While most reputable American news outlets did not report the rumors, The Washington Post's Howard Kurtz wrote at the time that reporters deluged the campaign with questions "about the governor's amniotic fluid, the timing of her contractions and whether she would take a DNA test to establish the baby's parentage." Those questions enraged the McCainiacs.
Palin's record as governor also went through the dirt washer. Palin wrote in her memoir "Going Rogue," "Suddenly I was a book-burning evangelical extremist sweeping down from the North on her broomstick." Factcheck.org felt compelled to report that Palin "did not demand that books be banned from the Wasilla library" and "has not pushed for teaching creationism in Alaska's schools."
Green laments that McCain/Palin didn't run "as mavericks," but instead "turned hard right." He doesn't seem to understand that the political press corps kept seizing unsubstantiated odd-bin tidbits to paint Palin as a right-wing kook and social-issues crusader -- and thus shoved Palin into the right-wing ghetto.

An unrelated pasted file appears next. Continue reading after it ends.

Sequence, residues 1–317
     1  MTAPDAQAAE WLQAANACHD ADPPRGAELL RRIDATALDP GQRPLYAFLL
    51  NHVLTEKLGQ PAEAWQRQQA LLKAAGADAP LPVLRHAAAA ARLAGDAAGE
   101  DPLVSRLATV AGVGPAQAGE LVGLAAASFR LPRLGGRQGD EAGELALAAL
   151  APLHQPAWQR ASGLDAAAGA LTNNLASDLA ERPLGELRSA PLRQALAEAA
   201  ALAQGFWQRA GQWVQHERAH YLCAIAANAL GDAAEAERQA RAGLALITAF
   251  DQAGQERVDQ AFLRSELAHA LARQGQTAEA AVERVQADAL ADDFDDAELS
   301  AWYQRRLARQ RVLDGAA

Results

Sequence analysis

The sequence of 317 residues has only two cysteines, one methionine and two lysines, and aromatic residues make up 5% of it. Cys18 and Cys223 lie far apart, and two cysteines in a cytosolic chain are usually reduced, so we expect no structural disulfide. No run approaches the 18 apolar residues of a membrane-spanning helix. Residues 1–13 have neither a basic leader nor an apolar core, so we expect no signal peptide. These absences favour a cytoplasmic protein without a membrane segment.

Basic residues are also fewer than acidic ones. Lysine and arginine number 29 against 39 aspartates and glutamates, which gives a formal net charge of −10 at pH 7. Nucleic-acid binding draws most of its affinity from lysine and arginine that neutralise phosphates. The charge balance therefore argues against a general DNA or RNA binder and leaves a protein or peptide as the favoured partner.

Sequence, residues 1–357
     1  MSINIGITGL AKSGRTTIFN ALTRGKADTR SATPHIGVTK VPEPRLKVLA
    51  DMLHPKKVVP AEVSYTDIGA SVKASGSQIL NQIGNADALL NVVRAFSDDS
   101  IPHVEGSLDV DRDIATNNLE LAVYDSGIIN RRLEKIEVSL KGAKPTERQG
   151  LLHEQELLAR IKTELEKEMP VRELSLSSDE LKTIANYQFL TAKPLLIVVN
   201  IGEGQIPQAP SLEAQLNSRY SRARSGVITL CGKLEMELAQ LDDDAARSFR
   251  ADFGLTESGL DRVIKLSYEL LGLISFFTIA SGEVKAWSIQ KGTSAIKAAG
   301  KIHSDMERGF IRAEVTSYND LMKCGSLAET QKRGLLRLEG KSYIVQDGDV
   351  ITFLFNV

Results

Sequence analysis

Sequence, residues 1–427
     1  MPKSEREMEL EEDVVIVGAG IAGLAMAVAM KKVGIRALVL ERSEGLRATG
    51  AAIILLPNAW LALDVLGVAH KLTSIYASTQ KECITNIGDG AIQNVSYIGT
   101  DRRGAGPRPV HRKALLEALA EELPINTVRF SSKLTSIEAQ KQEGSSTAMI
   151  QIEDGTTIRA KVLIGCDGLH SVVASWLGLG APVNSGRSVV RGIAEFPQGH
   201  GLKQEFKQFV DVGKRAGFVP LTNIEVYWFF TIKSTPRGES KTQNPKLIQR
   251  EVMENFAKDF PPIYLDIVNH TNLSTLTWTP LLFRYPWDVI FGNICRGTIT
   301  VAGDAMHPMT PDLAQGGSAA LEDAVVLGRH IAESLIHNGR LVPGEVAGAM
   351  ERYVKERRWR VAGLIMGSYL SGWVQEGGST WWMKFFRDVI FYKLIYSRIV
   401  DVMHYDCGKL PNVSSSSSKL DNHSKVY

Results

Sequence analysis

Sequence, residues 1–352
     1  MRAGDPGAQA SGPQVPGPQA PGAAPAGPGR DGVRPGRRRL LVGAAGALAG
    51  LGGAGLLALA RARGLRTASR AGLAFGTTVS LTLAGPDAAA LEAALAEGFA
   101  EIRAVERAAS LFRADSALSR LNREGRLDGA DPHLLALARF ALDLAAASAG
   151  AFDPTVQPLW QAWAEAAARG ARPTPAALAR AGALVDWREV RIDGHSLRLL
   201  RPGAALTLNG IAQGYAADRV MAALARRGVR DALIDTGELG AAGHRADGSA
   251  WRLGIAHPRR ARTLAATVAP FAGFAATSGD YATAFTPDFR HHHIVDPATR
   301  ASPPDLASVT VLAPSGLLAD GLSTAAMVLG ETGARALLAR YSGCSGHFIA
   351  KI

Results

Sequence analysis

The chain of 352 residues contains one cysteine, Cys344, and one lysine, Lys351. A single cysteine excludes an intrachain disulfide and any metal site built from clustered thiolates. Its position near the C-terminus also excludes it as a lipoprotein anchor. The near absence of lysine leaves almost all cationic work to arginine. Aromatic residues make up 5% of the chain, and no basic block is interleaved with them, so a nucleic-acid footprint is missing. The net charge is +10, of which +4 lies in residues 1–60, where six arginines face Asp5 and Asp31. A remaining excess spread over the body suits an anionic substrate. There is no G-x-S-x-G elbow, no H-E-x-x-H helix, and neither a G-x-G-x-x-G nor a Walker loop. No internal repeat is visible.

If a Republican cannot get credit for being a moderate, she might as well rush into the warm embrace of the GOP base. Like John McCain.
I do not absolve Palin for her post-campaign excesses. A stronger woman may well have withstood the barrage and -- after returning home and tending to state business -- emerged as a seasoned survivor. Instead, she resigned as governor to cash in on her role as the Republican whom lefties most love to hate.
That's on Palin. But when the media wonder what went wrong with her, they might start by looking in the mirror.
15 Excerpts That Show How Radical, Weird And Out of Touch College Campuses Have Become | John Hawkins